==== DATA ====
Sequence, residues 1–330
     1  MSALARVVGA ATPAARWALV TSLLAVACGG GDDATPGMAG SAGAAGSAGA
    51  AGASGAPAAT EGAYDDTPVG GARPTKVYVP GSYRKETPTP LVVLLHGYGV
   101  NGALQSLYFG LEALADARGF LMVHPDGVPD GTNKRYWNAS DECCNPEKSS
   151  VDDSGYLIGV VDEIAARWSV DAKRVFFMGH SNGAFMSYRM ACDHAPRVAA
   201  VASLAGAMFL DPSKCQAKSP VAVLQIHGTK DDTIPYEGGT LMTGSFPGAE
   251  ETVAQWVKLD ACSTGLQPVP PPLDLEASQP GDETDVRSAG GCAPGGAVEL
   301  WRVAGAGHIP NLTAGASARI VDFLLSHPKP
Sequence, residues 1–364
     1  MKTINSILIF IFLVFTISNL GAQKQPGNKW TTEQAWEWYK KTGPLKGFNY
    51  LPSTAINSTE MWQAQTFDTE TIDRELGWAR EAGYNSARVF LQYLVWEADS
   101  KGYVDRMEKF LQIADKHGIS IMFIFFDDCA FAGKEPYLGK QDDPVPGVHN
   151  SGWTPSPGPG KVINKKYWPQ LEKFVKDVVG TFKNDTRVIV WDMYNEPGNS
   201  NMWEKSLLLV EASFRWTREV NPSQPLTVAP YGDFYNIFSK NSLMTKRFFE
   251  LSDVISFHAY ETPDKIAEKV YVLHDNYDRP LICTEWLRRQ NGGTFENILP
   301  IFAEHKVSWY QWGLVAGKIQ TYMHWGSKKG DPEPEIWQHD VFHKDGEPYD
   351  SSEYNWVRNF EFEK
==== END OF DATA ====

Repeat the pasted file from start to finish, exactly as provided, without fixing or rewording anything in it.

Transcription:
Sequence, residues 1–330
     1  MSALARVVGA ATPAARWALV TSLLAVACGG GDDATPGMAG SAGAAGSAGA
    51  AGASGAPAAT EGAYDDTPVG GARPTKVYVP GSYRKETPTP LVVLLHGYGV
   101  NGALQSLYFG LEALADARGF LMVHPDGVPD GTNKRYWNAS DECCNPEKSS
   151  VDDSGYLIGV VDEIAARWSV DAKRVFFMGH SNGAFMSYRM ACDHAPRVAA
   201  VASLAGAMFL DPSKCQAKSP VAVLQIHGTK DDTIPYEGGT LMTGSFPGAE
   251  ETVAQWVKLD ACSTGLQPVP PPLDLEASQP GDETDVRSAG GCAPGGAVEL
   301  WRVAGAGHIP NLTAGASARI VDFLLSHPKP
Sequence, residues 1–364
     1  MKTINSILIF IFLVFTISNL GAQKQPGNKW TTEQAWEWYK KTGPLKGFNY
    51  LPSTAINSTE MWQAQTFDTE TIDRELGWAR EAGYNSARVF LQYLVWEADS
   101  KGYVDRMEKF LQIADKHGIS IMFIFFDDCA FAGKEPYLGK QDDPVPGVHN
   151  SGWTPSPGPG KVINKKYWPQ LEKFVKDVVG TFKNDTRVIV WDMYNEPGNS
   201  NMWEKSLLLV EASFRWTREV NPSQPLTVAP YGDFYNIFSK NSLMTKRFFE
   251  LSDVISFHAY ETPDKIAEKV YVLHDNYDRP LICTEWLRRQ NGGTFENILP
   301  IFAEHKVSWY QWGLVAGKIQ TYMHWGSKKG DPEPEIWQHD VFHKDGEPYD
   351  SSEYNWVRNF EFEK